Wednesday, 2 September 2009

God's last word

The letter to the Hebrews begins with a contrast which sets the scene for the remainder of the letter. It puts a clear line of division between 'the old days' and 'now'. Or as the text has it... God, who at various times and in various ways spoke in time past to the fathers by the prophets, has in these last days spoken to us by His Son, whom He has appointed heir of all things, through whom also He made the worlds; Heb 1:1-2.

It is contrasting the way that God speaks to us. In 'the old days' he spoke at various times and in various ways and the revelation of truth built slowly so that men could begin to get their clear conception of what God was like. Those revelations were true but not the whole truth; they were partial and some older translations use the language of 'parts' and things 'partial'. We then 'fast-forward' from 'time past' to 'these last days'. The writer speaks from the position of the 'last days' which began with the coming of Christ. He says that 'in times past' God spoke by means of prophets; uniquely commissioned spokesmen for God, but in 'these last days' God has spoken, not through spokesmen, but through his own Son.

This is why John's account of the life of Christ describes him as the Word. Not 'a word', that's what the prophets delivered. But Christ is 'the Word', he is the non-partial revelation of God. God has nothing to say that he has not said in the person of Christ; Christ is God's 'last word'. John's gospel account tells us that 'the Word became flesh and lived among us'. John 1:14. John never recovered from this discovery. In Christ he saw God in all his fulness. John 1:16-18. There may well be fragments of truth in other religious traditions, but everything that God wanted us to know about God is 'visible' in Jesus Christ. This is what Christ himself was pointing to when he answered Philip's request to 'see the Father' with such direct clarity; Jesus said to him, “Have I been with you so long, and yet you have not known Me, Philip? He who has seen Me has seen the Father; so how can you say, ‘Show us the Father’? John 14:9.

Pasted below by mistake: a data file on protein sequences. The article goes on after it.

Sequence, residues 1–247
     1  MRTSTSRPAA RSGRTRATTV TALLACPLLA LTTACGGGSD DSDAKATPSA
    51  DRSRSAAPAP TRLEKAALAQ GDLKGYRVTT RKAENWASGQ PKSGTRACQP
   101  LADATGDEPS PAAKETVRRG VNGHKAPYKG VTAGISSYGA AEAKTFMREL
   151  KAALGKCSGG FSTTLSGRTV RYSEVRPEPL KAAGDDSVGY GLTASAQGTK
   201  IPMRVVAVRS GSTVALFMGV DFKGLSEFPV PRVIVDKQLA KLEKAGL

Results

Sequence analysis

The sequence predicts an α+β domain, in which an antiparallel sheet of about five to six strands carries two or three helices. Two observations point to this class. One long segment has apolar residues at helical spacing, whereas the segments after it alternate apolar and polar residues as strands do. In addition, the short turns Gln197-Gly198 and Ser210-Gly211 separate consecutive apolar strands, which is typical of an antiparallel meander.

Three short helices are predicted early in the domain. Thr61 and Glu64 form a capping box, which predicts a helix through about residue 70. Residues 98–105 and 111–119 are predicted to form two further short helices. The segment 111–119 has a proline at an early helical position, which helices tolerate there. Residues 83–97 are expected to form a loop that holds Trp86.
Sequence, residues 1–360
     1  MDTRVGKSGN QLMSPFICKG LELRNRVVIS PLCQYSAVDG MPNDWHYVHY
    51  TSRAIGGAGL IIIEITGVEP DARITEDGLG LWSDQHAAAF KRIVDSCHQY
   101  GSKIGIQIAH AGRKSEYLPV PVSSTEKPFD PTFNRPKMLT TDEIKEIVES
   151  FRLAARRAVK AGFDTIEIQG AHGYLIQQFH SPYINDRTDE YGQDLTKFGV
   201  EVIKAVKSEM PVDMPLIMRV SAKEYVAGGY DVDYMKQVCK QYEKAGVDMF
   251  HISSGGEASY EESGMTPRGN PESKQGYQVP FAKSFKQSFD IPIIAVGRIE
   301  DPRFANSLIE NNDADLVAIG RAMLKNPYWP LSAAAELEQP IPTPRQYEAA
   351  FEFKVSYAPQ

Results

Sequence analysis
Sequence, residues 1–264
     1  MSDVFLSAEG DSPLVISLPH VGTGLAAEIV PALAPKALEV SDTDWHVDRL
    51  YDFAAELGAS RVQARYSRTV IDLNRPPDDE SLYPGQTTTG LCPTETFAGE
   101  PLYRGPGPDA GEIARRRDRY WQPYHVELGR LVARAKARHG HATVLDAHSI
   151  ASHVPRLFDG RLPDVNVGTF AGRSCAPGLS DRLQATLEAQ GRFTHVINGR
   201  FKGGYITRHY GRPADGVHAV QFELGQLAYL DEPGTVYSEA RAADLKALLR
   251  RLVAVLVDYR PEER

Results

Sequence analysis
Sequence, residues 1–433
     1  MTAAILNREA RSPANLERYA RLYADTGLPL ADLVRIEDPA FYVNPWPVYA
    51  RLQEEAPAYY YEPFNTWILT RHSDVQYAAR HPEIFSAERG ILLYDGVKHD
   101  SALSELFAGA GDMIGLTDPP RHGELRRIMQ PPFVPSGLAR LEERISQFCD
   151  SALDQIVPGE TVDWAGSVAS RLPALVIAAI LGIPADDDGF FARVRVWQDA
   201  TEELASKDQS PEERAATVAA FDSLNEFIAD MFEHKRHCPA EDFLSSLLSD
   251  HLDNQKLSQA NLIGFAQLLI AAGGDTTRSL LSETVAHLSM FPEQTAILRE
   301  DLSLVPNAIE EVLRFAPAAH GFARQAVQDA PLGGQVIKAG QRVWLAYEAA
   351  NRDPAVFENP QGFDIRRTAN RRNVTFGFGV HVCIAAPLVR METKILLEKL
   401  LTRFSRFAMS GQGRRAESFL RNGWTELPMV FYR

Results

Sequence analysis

And this is why anyone who rejects Christ stands in such great jeopardy. Christ is God's full and final witness, to reject him as 'the Word made flesh' is to turn away from God's last word to the human race. It is also the reason that to think wrongly of Christ is such a foundational folly. We cannot think wrongly of Christ and think right in any other part of our thinking. He is the foundational corner-stone. If that corner-stone is skewed it is impossible to build true in any other part of life. The answer to the question 'what do you think of Christ?' is not religious trivia, it is the difference between light and darkness, life and death.

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